BEST AMBIENT The Best Ambient Music on Bandcamp, January 2024 By Ted Davis · January 24, 2024

Each month, writer, musician, and DJ Ted Davis wanders through the ethereal outskirts of Bandcamp. Embracing a fluid, forward-thinking approach to ambient, anything deemed worthy of the genre tag is considered fair game for this column. To kick off 2024, here’s a roundup of atmospheric live jams, vibe-y downtempo beats, deconstructed jangle pop, and more.

Nailah Hunter

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Nailah Hunter cut her teeth in the Los Angeles New Age scene, crafting harp music suffused with pastoral whimsy. As the CalArts grad’s sound has evolved, Hunter has pushed into increasingly ornate terrain; she’s developed a commanding voice as a songwriter, while also ceaselessly honing her musicianship. Lovegaze, Hunter’s long-awaited full-length debut, arrives via influential indie label Fat Possum. It came to life in the UK, first on the coast of the English Channel and later in London, with producer Cicely Goulder. Across 10 tracks, Hunter’s harp darts in and out of light, jazzy grooves and sleek production. Equally indebted to Nancy Sinatra, Dorothy Ashby, and Julianna Barwick, Lovegaze is one of the most wholeheartedly beautiful records I’ve heard in quite some time. Over the last few years, countless artists have tried to pivot from pop arrangements to peaceful, freeform ambient. It’s exciting to hear Hunter attempt the opposite—backtracking, to infuse cascading freak folk with grounding structure.

Piper Spray & Lena Tsibizova
Debtor Of Presence

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Sydney-based label Theory Therapy is an extension of Low End Theorists, which touts itself as “an imprint specializing in the stranger side of ambient music.” On releases from artists like Conna Haraway and Concave Reflection (aka Purelink’s Tommy Paslaski), the label has successfully embodied its wonky ethos. With the imprint’s latest release, Debtor Of Presence, Theory Therapy shines a light on Russian artists Piper Spray and Lena Tsibizova, who typically make music as Air Krew. The gauzy record came to life over the course of three years, and ruminates on time, place, and memory. Across 14 tracks, crackly sound effects offset misty synths. Sometimes—like on the track “Fisher”—things are serene and spa-like. At other points, though, the music is more intriguingly off putting. Mastered by rising Australian artist Other Joe, Debtor Of Presence provides a snapshot of an intriguingly off-kilter moment for the electronic underground.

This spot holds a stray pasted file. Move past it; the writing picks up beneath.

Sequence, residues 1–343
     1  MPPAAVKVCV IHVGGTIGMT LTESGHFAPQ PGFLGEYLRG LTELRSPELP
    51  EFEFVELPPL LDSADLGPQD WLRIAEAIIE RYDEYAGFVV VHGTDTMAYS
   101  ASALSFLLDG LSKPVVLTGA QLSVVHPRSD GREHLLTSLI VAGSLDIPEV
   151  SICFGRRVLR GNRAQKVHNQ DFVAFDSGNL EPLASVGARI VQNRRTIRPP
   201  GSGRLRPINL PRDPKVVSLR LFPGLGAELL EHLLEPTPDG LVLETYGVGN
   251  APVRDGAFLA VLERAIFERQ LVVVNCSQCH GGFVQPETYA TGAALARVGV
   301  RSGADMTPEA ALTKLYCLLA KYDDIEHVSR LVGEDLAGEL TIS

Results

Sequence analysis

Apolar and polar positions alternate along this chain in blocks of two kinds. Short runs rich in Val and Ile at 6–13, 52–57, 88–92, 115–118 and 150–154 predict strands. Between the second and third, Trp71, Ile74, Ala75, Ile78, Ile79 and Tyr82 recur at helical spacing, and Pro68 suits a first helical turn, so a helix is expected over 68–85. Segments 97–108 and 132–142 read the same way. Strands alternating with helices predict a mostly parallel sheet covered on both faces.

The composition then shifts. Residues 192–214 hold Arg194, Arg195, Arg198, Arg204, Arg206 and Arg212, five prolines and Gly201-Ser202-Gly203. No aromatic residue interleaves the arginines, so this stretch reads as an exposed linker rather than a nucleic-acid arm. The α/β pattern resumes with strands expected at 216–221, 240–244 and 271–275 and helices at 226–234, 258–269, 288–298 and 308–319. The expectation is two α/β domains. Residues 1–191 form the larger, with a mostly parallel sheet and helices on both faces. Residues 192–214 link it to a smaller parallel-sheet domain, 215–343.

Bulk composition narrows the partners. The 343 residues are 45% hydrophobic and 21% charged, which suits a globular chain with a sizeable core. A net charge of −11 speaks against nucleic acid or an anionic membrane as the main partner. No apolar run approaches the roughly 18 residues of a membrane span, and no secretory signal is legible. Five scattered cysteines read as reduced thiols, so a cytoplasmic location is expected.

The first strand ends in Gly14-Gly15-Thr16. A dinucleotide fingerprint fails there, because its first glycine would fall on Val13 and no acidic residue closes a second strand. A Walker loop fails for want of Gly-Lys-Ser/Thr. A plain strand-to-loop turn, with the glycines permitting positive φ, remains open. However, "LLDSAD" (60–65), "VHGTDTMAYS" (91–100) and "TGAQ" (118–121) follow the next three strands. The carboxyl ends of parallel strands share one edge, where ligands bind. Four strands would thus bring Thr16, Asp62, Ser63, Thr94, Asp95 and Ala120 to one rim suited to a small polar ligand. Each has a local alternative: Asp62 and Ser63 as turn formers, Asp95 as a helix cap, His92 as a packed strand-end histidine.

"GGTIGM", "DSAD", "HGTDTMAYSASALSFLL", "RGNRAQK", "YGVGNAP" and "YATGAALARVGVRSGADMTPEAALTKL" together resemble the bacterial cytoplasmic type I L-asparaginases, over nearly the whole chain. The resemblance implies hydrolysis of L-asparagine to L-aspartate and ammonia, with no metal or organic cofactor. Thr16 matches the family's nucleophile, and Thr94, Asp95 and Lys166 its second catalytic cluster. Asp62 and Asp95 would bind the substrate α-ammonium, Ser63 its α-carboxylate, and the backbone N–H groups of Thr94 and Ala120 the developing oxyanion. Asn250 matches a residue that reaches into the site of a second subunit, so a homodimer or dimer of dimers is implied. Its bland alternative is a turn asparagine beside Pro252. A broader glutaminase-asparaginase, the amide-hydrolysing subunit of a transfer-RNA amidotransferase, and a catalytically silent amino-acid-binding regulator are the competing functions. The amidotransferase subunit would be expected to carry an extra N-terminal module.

Piezo is known for putting a feisty spin on techno-laced dubstep. On releases for labels including Wisdom Teeth and Version, the Milan-based producer and DJ has doled out skull-rattling sounds for discombobulating dancefloors. Piezo’s new record, Soothe, emphasizes his subdued side. A collection of airy loops and sketches, these 12 tracks split the difference between left-field downtempo and full-blown ambience. It’s centered on drum machines and muted synth leads, which call to mind some surrealistic lounge. On cuts like “oh man, there was a lot of tiny weird animals,” “Hadi Hadi,” and “Wacky Water Kooler,” Piezo lets his usual taste for dense programming shine bright. But for the most part, Soothe lives up to its laidback title—an intricate record that highlights the rejuvenating potential of percussion and bloops.

V. Kristoff, Yu Ogu & Precipitation
Transcendental Meeting at Hatagaya

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As Precipitation, Tokyo-based synthesist Zefan Sramek has asserted himself as a master of airy house and pink-hued soundscaping. His approach to sound design is academic and groundbreaking, but Sramek’s output always seems effortless. Sramek’s latest release, Transcendental Meeting at Hatagaya, is a live recording from a show he performed with V. Kristoff and Yu Ogu at the Tokyo space Forestlimit. The trio’s playing hovers around a low-octave drone peppered with dubbed-out sound effects. Trebly string-work and key flourishes occasionally punctuate the murk, allowing the record to exude the spontaneity of a jazz jam. Transcendental Meeting at Hatagaya is issued by the new Tokyo label Ato Archives, and appears alongside records from Seiji Nagai and Tomonao Koshikawa in a promising first run of releases. Sramek’s dancier side is highlighted on another January release, Live At BushBash II, which was issued by Jungle Gym Records.